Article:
Sanford, The GOP, And The Sanctity Of Marriage

Mark Sanford And Elizabeth Colbert Busch Attend Pork & Politics Event

Douthat isn’t surprised by the outcome in South Carolina:

One could imagine a world where the advance of gay marriage, and the apparent failure of traditionalist arguments on the issue, inspired social conservatives to seek both a more comprehensive pro-marriage agenda and less compromised standard bearers for that cause. But for now that doesn’t seem to be happening: Instead we live in a world where the same South Carolina voters who handed their primary to the thrice-married Newt Gingrich just held their noses and voted for Sanford, who famously ditched not only his wife but also his gubernatorial duties while pursuing an adulterous affair. …

For now, at least, I don’t look at left and right and see the beginnings of a neo-Victorian moment. I see a liberalism that feels triumphant about gay marriage and complacent about the institution’s overall decline, and a conservatism that, lacking an obvious way forward, seems half-inclined to just give up the fight.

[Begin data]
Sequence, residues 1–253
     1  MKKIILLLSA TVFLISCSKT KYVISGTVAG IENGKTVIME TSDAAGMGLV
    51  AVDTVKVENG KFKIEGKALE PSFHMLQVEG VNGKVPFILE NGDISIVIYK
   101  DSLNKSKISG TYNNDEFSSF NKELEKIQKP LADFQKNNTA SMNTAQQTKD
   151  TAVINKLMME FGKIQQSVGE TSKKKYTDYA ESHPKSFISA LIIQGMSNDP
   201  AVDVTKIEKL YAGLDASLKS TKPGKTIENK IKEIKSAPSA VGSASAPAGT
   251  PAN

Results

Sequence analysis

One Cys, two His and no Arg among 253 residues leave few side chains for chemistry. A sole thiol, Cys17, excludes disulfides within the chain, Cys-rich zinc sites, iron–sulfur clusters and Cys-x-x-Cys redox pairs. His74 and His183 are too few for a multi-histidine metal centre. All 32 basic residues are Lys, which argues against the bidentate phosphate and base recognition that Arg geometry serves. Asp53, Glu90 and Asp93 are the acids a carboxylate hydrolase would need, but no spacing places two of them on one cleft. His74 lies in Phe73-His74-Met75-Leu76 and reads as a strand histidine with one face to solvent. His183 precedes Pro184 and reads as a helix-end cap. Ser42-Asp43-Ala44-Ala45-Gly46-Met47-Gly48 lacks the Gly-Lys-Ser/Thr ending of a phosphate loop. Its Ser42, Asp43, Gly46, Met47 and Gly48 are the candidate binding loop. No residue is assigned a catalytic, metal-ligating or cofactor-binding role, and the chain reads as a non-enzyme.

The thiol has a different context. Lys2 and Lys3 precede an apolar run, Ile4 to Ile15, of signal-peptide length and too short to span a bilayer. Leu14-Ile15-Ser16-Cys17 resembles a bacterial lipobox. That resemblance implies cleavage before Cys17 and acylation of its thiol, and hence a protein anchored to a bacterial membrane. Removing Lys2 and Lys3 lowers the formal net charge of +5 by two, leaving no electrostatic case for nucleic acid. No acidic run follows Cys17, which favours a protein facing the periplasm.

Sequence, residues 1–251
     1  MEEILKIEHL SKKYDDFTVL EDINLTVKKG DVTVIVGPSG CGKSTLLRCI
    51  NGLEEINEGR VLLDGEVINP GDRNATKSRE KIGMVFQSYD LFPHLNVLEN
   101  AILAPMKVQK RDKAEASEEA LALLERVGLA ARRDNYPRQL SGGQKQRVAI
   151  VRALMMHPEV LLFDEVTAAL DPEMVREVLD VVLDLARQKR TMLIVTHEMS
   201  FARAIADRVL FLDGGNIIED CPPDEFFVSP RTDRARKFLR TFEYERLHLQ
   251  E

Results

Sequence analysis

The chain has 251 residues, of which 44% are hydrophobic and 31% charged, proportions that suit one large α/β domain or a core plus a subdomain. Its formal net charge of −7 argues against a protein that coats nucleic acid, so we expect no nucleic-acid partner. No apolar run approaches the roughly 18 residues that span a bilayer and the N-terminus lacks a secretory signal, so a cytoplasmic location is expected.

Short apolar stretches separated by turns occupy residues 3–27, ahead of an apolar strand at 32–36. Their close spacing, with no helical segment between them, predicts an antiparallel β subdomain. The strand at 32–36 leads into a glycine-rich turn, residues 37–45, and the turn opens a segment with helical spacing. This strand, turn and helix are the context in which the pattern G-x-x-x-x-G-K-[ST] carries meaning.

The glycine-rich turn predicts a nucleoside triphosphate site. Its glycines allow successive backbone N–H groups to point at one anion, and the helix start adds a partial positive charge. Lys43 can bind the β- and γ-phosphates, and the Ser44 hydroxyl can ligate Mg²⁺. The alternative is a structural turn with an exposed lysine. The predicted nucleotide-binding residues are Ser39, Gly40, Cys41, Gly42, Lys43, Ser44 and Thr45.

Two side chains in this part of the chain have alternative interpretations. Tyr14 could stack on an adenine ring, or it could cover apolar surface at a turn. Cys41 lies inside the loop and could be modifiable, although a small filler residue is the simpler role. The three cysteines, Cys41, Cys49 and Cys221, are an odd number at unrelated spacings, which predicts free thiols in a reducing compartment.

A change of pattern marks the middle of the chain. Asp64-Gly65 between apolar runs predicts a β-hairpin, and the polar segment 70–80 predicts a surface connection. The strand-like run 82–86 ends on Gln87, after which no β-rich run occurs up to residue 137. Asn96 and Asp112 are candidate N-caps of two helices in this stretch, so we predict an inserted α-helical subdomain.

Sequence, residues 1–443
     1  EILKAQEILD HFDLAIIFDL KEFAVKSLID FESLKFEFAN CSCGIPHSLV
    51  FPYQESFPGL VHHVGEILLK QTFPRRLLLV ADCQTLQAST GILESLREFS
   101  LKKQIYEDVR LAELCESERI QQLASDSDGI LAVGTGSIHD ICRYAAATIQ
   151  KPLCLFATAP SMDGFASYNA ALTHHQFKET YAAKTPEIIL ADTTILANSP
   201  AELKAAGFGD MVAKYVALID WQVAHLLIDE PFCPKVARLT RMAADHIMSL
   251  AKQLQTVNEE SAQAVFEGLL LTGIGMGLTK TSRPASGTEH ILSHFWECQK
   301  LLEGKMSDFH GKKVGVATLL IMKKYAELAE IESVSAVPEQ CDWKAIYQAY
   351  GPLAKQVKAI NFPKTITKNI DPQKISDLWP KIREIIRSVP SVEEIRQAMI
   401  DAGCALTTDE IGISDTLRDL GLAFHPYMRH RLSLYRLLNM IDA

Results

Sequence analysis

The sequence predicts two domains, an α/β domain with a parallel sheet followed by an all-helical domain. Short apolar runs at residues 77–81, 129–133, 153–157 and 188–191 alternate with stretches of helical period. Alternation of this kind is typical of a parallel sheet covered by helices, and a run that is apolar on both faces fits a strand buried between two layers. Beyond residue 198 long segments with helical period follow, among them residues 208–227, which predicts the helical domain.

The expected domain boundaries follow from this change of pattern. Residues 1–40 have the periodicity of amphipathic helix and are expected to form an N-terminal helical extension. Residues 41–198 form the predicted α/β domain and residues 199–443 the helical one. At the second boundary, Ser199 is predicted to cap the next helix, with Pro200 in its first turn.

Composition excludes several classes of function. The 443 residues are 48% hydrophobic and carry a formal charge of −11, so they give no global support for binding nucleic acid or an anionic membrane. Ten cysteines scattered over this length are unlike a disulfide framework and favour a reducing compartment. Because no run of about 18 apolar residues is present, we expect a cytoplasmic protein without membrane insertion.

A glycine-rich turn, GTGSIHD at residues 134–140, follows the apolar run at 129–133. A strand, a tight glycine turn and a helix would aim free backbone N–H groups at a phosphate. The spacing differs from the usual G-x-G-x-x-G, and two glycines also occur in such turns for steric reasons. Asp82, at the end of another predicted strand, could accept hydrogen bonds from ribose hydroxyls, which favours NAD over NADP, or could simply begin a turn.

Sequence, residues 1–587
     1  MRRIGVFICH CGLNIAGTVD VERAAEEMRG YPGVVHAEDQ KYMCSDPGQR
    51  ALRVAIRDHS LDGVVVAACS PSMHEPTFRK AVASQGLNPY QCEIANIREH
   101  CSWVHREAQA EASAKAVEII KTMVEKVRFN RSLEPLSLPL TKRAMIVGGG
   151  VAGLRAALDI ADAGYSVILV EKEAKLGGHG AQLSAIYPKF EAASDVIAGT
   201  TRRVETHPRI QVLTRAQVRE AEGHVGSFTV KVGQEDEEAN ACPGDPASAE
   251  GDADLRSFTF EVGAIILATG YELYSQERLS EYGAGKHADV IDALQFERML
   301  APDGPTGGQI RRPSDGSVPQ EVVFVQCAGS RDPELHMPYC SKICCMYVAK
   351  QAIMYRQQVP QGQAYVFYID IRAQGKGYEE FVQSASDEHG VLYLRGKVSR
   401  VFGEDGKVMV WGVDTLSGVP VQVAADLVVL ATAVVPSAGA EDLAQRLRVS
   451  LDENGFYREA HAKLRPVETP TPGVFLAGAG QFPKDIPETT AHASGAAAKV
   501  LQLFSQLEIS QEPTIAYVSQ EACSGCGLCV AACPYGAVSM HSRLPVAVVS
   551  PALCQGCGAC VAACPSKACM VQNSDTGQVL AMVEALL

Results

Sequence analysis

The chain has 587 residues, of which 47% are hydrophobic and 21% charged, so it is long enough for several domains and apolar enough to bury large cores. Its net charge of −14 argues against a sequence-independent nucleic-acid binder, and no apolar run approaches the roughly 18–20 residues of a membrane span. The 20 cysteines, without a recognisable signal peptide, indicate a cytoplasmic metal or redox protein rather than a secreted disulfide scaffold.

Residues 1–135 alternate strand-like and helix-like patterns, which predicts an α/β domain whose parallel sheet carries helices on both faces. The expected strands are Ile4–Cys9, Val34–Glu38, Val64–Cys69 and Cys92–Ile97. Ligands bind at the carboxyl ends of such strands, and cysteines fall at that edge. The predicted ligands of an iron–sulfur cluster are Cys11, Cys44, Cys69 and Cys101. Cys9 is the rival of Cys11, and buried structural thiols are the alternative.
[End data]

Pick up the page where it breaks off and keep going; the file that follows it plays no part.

I don’t disagree with Ross on much of this – but have to add that surely this means – must mean – that the current GOP’s hostility to marriage equality is not really about the state of marriage, but about their fundamentalist inability to see gay people in relationships as equals. How can you write a column about the lack of passion behind social conservatism without noting the real passion that drives the GOP to adopt a position that would deny gay couples any structured legal rights at all?

Dreher looks to the life of John Profumo, a British cabinet minister whose career was ended by a sex scandal, as an alternative to the Sanford comeback. It would certainly make sense of today’s GOP base voters were genuinely concerned about marriage and the family, rather than convulsed with fear and loathing of gays.

(Photo: Former South Carolina Governor and U.S. House of Representatives Republican candidate Mark Sanford talks with supporters during the Charleston Area Chamber of Commerce’s Pork and Politics on April 30, 2013 in Charleston, South Carolina. Republican Mark Sanford is challenging Democrat Elizabeth Colbert Busch in a special election for the House seat vacated by current U.S. Sen. Tim Scott. By Richard Ellis/Getty Images)